Correcting Facts on “Young Thurgood”: Big Fish Q&A with UM Law Professor Larry Gibson
For decades, UM law prof and political consultant Larry Gibson found himself talking the record straight about Thurgood Marshall’s youth and young adulthood – it bothered him that the media held certain basic misconceptions about the justice. For example, Marshall didn’t resent his hometown of Baltimore. He didn’t lack a sense of humor. Nor did Marshall ever intend to be a dentist! Of course, there’s meatier more (the meticulously researched book weighs in at 413 pages). But you’ll have to read Young Thurgood: The Making of a Supreme Court Justice (Prometheus) for the larger, nuanced character study.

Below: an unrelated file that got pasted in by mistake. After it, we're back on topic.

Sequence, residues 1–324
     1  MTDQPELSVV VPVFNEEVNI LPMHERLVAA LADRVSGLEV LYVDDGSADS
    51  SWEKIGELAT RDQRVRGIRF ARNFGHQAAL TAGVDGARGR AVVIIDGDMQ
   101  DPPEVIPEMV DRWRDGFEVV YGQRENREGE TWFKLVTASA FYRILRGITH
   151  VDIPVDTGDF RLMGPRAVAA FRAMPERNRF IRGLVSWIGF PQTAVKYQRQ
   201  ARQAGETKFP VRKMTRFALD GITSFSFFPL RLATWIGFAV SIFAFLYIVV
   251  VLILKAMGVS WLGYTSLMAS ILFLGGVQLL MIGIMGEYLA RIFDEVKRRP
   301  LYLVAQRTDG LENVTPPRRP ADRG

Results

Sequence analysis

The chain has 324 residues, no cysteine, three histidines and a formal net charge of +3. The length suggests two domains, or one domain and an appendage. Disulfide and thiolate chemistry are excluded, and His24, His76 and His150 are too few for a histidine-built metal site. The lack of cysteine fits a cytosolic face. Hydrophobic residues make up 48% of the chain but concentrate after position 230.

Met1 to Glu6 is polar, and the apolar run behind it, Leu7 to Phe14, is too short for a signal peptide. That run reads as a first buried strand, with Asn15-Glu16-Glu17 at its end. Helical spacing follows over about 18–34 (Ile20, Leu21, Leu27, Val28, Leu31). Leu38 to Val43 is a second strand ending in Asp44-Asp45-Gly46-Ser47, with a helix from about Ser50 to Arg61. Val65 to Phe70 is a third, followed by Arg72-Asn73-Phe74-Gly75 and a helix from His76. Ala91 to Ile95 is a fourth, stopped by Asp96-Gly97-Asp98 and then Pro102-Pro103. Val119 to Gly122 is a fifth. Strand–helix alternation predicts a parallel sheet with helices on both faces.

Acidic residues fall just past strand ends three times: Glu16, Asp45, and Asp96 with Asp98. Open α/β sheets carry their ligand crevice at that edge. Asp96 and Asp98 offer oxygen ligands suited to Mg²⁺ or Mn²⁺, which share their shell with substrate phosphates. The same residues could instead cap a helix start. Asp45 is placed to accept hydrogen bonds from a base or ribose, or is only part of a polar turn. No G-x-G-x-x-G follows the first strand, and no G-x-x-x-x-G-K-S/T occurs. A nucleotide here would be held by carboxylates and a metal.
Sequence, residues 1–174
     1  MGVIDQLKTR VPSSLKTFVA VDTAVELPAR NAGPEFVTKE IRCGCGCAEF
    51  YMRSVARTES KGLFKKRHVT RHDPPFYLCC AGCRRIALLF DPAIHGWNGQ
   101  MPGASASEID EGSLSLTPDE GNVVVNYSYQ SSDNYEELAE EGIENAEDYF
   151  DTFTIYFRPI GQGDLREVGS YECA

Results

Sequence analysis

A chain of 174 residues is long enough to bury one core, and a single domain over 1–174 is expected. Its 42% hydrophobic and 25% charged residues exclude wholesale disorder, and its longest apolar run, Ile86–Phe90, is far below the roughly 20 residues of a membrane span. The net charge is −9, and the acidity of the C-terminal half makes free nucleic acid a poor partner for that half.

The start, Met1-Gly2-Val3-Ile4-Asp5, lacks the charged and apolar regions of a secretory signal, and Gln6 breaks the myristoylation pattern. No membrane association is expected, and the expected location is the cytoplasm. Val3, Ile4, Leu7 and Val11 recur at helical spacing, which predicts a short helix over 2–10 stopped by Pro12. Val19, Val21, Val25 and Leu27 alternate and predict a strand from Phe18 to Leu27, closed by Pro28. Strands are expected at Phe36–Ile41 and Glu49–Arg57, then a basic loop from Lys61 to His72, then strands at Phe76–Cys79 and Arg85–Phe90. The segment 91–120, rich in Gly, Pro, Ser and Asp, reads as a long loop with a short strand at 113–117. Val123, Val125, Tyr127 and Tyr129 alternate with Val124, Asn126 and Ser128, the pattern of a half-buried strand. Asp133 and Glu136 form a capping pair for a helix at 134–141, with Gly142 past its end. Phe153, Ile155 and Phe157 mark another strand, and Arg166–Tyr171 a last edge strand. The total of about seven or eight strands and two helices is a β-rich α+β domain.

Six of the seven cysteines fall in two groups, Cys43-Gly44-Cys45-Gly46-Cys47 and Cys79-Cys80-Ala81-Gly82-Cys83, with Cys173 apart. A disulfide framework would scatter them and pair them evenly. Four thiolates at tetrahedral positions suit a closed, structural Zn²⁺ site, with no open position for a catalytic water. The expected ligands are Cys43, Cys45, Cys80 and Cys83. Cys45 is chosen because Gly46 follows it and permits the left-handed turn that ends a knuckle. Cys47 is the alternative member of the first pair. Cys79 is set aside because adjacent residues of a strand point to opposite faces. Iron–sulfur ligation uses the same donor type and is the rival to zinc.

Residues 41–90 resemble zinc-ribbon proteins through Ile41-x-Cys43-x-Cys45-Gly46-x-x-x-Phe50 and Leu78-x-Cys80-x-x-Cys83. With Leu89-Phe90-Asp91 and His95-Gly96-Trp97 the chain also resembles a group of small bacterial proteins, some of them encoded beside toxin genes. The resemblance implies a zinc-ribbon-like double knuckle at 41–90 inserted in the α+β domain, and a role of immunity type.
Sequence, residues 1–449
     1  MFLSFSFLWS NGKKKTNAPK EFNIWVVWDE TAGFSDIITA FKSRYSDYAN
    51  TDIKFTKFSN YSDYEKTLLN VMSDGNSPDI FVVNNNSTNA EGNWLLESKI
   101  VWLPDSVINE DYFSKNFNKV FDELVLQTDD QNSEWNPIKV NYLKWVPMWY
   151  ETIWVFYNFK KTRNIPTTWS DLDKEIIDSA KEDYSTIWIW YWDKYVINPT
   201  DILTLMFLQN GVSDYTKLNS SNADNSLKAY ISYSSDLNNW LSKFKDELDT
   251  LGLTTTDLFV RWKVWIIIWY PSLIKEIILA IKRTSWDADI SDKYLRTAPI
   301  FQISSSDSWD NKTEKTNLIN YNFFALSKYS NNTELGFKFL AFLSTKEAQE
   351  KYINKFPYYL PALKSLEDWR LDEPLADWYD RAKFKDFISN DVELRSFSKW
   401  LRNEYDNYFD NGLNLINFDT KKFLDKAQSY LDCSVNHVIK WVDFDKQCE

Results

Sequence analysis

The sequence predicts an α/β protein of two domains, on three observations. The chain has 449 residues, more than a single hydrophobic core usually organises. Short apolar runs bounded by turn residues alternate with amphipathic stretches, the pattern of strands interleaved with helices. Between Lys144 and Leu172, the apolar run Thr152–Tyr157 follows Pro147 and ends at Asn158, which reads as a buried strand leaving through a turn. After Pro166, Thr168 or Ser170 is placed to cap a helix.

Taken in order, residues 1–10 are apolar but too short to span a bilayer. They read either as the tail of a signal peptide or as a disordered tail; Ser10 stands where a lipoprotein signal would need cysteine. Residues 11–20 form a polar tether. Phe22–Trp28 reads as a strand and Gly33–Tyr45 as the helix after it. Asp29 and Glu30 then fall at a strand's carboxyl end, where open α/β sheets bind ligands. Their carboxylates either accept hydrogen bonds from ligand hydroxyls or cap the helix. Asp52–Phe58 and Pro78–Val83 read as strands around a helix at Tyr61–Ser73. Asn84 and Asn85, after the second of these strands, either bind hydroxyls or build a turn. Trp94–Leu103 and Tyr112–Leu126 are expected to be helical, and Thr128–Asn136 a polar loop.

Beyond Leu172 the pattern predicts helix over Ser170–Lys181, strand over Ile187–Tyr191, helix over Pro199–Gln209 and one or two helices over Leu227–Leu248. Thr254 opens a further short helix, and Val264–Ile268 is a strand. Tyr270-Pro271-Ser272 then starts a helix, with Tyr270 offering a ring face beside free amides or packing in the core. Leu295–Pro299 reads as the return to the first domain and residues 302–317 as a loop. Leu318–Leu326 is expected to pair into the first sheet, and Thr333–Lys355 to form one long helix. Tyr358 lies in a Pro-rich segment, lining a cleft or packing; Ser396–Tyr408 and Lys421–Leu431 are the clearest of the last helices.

Gibson first met Marshall on July 1, 1975 when he knocked on the justice’s door at 11 p.m. to ask a bathrobe-clad Marshall to sign an emergency order on behalf of Roland Patterson, the Baltimore schools superintendent whose job was on the line. The men would meet again a few times. But that late evening 37 years ago marked an important moment for Gibson, and for Marshall, too. Personalities sparked: the justice welcomed the young lawyer and his associate into his home to talk at leisurely length, until two in the morning, in fact.